DFA This Mark Matters Intro Graphic

“This mark matters – DFA”, so says the DFA management slogan.


The management of DFA continuous to destroy U.S. family dairy farms, our safe and secure national milk producing infrastructure and rural communities in it’s pursuit of the maximum quantity of the cheapest milk possible.

DFA is the largest U.S. dairy farmer member owned co-op based on revenues and assets.

Per Rabobank, of the top 20 dairy companies in the world in 2018, DFA was number 6 in sales.

In 2018, DFA grew milk production by 2.5 billion pounds while LOSING 532 family member dairy farms. (Hoard’s Dairyman, Oct. 10, 2019 issue)

The loss of U.S. licensed dairy farms between 2009-2019 was 20,745 (Progressive Dairy, April 19, 2020 issue) with DFA losing the most of all U.S. co-ops.

Yet, Rick Smith, DFA CEO writes on Nov. 12, 2019 that “We remain committed .. to preserving the family farm for generations.” REALLY?

DFA dairy farmer co-op members are some of the most poorly paid U.S. dairy farmers. Nearly all DFA co-op “profit” goes to DFA management and/or DFA joint venture partners, NOT dairy farmer co-op members.

According to Genske, Mulder & Co., LLP, CPA, DFA has earned a 10 year average 18% profit for it’s management and 75+ joint venture partners, much of which has come from “below cost” raw milk prices paid to DFA dairy farmer members.

DFA management see their job ONLY as getting, filling and shipping the maximum orders for milk and/or milk products for management benefit by any means possible, sacrificing dairy farmer member’s milk price to do so.

DFA management has failed tragically to perform it’s fiduciary duties and responsibilities to benefit and preserve co-op dairy farmer membership with a fair, sustainable, profitable milk price.

If DFA is to preserve the family farm for generations, as stated by Smith above, DFA dairy farmer owner members need to change THEIR DFA management personnel and/or policies and adopt NDPO’s co-op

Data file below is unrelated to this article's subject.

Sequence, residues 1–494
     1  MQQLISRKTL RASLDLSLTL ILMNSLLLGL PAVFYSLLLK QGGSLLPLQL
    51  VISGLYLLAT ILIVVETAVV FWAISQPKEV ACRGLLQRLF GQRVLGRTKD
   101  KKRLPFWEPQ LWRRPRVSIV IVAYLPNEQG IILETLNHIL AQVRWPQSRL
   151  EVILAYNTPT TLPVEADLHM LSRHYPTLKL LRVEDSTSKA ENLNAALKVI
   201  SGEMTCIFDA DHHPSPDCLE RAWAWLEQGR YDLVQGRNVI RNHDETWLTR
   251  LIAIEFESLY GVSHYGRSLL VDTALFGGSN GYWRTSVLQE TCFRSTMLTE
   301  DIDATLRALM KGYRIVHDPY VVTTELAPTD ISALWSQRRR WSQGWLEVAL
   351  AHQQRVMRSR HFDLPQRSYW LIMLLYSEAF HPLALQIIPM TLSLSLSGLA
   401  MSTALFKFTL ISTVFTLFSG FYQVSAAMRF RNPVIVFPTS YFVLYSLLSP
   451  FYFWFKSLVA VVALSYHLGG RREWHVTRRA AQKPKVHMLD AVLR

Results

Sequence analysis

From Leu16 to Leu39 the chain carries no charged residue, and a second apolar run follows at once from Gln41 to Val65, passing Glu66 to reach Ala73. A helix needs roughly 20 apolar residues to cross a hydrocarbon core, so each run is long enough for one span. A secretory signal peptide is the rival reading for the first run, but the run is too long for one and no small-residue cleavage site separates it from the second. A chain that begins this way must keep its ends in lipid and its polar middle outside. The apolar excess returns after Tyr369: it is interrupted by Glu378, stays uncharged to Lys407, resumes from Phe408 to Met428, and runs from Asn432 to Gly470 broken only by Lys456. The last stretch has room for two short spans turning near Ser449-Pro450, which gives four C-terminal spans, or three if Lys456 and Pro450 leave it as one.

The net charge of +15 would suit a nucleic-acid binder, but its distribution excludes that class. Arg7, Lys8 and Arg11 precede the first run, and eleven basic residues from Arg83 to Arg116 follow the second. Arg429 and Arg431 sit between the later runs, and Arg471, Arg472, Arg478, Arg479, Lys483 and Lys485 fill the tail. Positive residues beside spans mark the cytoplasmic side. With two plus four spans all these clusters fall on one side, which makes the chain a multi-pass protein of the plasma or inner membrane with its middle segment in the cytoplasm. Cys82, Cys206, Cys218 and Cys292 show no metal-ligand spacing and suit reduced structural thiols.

management policies which requires all DFA members to work “cooperatively” and share in a pro-rata, across-the-board, proportional milk reduction, as required, to continuously balance DFA’s milk intake with profitable demand for member milk, yielding a sustainable profitable milk price from the marketplace for most members and thereby preserve as many of the remaining DFA family farms as possible.

Mike Eby
NDPO Board Member


NDPO Info Graphic

COVID 19 has not repealed marketplace supply/demand economics — the virus just made complying therewith very difficult.

Assume milk demand has now decreased by 40% at a time when the milk supply already exceeded profitable demand by 10% (March 2020 milk production for the top 24 states was up 2.4% over the previous year).

Under the assumed facts, marketplace supply/demand economics requires a 50% reduction in the milk supply to be balanced with the reduced demand in order for the marketplace to generate a profitable milk price.

Without significant milk supply reduction, even with significant government action of financial support, a profitable milk price will not be achieved.

The required milk supply reduction WILL be accomplished either by the continued culling of dairy farm families OR the remaining dairy farmers sharing in the culling of some cows and balancing the milk supply with whatever profitable marketplace demand exists or is created going forward.

It is a dairy farmer choice.

Mike Eby
NDPO Board Member


Decorative cargo ship image

The goal of USDEC is to increase the volume of U.S. dairy exports from equivalent of 15% of U.S. milk solids to 20%.

Because dairy farmers are not paid a profitable price for the milk used in the exported products, this USDEC goal is to increase the dumping of unprofitable U.S. made milk onto the global market to 20% — and dairy farmers are paying to achieve this goal!

A better goal for dairy farmers would be to just reduce the milk supply and balance the milk supply with profitable demand.

Bob Krucker
NDPO Board Member